Worst jobs recession ever?

Back in June 2009, I declared that “my recession was worse than your recession,” meaning the lousy economic times I dealt with as a young man in the early 1980s were harder than what people were dealing with now.

Unemployment was one of the key stats I used to make my case. I wrote:

The U.S. unemployment rate topped 9 percent from March 1982 to September 1983, 18 months. The unemployment rate topped 9 percent in May 2009. Will it stay that high through November of next year? I don’t think so.

Oh, yeah, I was wrong. It took until March 2011 — 22 months — before the jobless rate fell below 9 percent.

I’ve since admitted that the Great Recession was worse than the economic contractions of the early 1980s. Now the Congressional Budget Office has taken it further:

The rate of unemployment in the United States has exceeded 8 percent since February 2009, making the past three years the longest stretch of high unemployment in this country since the Great Depression.

CBO projects that the unemployment rate will remain above 8 percent until 2014. The share of unemployed people who have been looking for work for more than six months — referred to as the long-term unemployed — topped 40 percent in December 2009 and has remained above that level ever since.

The outlook for Minnesota is a lot better, obviously. We’re running 5.7 percent currently and spent only eight months at or above 8 percent.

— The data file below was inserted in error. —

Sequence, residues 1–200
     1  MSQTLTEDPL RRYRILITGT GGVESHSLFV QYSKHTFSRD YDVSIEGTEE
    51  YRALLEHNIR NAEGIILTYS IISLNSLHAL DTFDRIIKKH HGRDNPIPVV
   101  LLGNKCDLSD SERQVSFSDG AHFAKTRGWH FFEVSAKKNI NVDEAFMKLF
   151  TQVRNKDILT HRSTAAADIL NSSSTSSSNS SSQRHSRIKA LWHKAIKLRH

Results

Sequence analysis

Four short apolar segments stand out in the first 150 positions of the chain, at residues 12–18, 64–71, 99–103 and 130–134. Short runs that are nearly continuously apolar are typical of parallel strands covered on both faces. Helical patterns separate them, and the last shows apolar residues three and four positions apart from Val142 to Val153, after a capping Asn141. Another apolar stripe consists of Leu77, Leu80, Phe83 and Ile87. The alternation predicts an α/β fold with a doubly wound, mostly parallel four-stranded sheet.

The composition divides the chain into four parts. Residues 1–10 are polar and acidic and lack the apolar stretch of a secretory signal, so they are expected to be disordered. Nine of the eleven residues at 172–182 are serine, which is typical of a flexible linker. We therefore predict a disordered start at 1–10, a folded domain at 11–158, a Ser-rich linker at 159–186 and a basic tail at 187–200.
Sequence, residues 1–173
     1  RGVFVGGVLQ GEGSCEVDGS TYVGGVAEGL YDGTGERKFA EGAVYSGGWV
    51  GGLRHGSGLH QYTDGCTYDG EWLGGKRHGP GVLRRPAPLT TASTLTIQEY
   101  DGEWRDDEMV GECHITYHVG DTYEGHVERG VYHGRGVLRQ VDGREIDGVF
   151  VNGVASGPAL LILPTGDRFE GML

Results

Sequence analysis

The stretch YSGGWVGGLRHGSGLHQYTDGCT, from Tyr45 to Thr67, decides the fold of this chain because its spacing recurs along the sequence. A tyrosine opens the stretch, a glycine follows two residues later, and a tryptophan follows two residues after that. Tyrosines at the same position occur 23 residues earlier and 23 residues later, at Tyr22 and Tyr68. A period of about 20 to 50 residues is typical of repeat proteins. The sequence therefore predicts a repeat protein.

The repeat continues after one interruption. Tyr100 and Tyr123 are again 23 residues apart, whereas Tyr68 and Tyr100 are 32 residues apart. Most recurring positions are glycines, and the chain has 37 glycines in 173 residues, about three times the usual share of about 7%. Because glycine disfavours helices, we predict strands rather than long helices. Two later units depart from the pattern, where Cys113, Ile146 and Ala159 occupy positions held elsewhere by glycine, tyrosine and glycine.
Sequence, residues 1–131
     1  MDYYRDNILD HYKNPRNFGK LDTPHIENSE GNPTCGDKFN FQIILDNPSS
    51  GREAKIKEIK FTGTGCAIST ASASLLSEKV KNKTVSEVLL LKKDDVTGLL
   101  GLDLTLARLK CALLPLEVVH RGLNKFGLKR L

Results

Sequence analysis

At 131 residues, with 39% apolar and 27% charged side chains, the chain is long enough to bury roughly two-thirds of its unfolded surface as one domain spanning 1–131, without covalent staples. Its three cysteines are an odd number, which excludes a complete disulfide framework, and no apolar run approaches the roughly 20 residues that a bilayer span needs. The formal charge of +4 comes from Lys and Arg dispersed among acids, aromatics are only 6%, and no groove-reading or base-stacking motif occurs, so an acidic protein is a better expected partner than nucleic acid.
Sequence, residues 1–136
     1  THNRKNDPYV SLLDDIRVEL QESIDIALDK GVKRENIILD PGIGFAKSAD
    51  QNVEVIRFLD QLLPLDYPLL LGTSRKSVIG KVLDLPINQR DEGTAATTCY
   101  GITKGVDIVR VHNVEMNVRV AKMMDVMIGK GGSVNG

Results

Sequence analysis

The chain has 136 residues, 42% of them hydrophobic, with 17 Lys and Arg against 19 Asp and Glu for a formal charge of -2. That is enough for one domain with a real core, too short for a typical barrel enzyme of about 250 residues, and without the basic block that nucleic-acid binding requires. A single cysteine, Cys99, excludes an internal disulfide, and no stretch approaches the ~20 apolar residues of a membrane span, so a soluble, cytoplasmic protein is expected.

usminn.jpg

Minnesota, though, is still hobbled by job growth slower than the U.S. In their November budget forecast, state officials dialed back again on when they think Minnesota will return to pre-recession employment.

In its forecast a year earlier, state officials said the jobs would be back by the middle of 2013, which was a pullback from its prediction a year earlier. Now it’s 2014.

So, yes, the Great Recession technically ran from December 2007 to June 2009. But it’s punch has lasted far longer. It is the worst U.S. jobs recession ever.

(h/t Wonkblog)

– Paul Tosto

  • Tyler

    I’m finding the drop-offs at the end of the graphs you present hard to believe, from the point that people are suddenly finding jobs. I think it’s more realistic that unemployment benefits are starting to expire for unemployed people, and they’re consequently not counted in the data.

  • BenCh

    Would be interesting to put lines over who was president or governor on that graph. I sort of lined it up with my fingers and seems some-what like a trend.